ArtiPhacts was created as a place to present and discuss my musings on the components and underlying philosophies of living an artistic life. It is a backdrop for displaying examples of various art forms, and a place where I can share tips and techniques related to art in general.
I've been getting lots of queries lately about choosing and using collage fodder. Probably because right now there are so many art classes, both online and in-person, that use collage in one form or another. At this point in art history the art journal format is widely popular, and collage is very often the medium of choice, or at least in some way incorporated onto the pages of journals and sketchbooks.
It has been a while since I've taught classic adult art lessons in a classroom setting, but it occurred to me that a lot of what's missing from all the "how-tos" online, at workshop events, and at in-shop classes, are the basics. It's easy to find quick, hands-on techniques, but the basics, well, they take time to teach, time to learn, and are just not all that much fun for your $, £, and €. But, if you don't have a grasp of them, then all those techniques you've learned will leave you asking, "What's first? What's next? What's important? and Where do I begin?" Click HERE to continue reading...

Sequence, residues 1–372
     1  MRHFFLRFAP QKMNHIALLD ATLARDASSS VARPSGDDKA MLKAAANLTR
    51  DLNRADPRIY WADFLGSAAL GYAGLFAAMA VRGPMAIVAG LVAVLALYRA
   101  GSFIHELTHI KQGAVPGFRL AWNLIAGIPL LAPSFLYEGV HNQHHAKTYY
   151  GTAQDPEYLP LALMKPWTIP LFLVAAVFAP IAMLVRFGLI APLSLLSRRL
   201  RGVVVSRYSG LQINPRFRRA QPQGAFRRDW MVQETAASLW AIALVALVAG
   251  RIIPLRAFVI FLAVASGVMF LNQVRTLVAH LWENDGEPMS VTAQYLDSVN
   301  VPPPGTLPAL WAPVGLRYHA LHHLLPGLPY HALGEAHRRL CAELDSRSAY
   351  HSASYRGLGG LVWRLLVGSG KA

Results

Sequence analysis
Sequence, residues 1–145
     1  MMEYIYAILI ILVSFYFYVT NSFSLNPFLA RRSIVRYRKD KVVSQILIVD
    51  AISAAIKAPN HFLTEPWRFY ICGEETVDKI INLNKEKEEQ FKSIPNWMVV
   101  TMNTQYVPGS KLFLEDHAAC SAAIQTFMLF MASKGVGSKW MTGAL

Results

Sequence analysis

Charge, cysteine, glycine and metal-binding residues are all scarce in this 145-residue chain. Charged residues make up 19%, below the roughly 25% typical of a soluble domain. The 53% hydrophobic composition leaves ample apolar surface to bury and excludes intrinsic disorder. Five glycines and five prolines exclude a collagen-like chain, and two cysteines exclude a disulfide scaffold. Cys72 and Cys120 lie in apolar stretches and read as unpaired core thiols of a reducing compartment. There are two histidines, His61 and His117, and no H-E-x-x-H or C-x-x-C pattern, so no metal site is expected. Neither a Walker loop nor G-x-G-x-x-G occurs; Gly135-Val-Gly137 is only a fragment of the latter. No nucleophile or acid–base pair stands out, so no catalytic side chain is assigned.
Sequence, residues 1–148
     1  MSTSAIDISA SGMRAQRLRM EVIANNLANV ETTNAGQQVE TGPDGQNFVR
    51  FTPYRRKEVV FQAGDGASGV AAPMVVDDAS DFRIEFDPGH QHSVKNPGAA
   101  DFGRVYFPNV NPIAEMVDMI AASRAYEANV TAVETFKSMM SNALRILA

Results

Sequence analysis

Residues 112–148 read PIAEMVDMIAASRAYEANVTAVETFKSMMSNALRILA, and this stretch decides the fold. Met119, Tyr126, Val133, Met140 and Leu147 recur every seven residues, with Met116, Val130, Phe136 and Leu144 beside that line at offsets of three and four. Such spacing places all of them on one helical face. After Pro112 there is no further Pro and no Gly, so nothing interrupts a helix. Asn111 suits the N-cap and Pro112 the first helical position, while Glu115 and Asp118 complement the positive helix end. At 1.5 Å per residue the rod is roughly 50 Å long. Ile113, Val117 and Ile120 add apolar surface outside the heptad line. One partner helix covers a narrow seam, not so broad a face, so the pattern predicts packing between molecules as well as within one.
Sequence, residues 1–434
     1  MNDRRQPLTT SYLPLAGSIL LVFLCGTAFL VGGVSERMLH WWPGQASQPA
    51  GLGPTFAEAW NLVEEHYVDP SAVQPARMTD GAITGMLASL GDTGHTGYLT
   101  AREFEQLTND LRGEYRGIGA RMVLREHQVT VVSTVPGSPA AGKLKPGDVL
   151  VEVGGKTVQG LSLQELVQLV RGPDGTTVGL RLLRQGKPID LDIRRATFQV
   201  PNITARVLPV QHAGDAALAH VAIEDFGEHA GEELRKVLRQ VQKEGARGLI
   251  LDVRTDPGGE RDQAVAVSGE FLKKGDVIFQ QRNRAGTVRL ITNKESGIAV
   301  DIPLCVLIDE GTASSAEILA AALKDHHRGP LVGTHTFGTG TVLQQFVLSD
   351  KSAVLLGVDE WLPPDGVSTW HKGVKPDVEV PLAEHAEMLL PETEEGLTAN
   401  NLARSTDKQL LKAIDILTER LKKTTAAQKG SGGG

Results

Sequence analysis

It's 2 PM and I'm sitting in front of my compose screen in my fuzzy slippers. I've been awake for hours and hours. Reading, mostly. Absorbing and thinking. Drawing a little, too.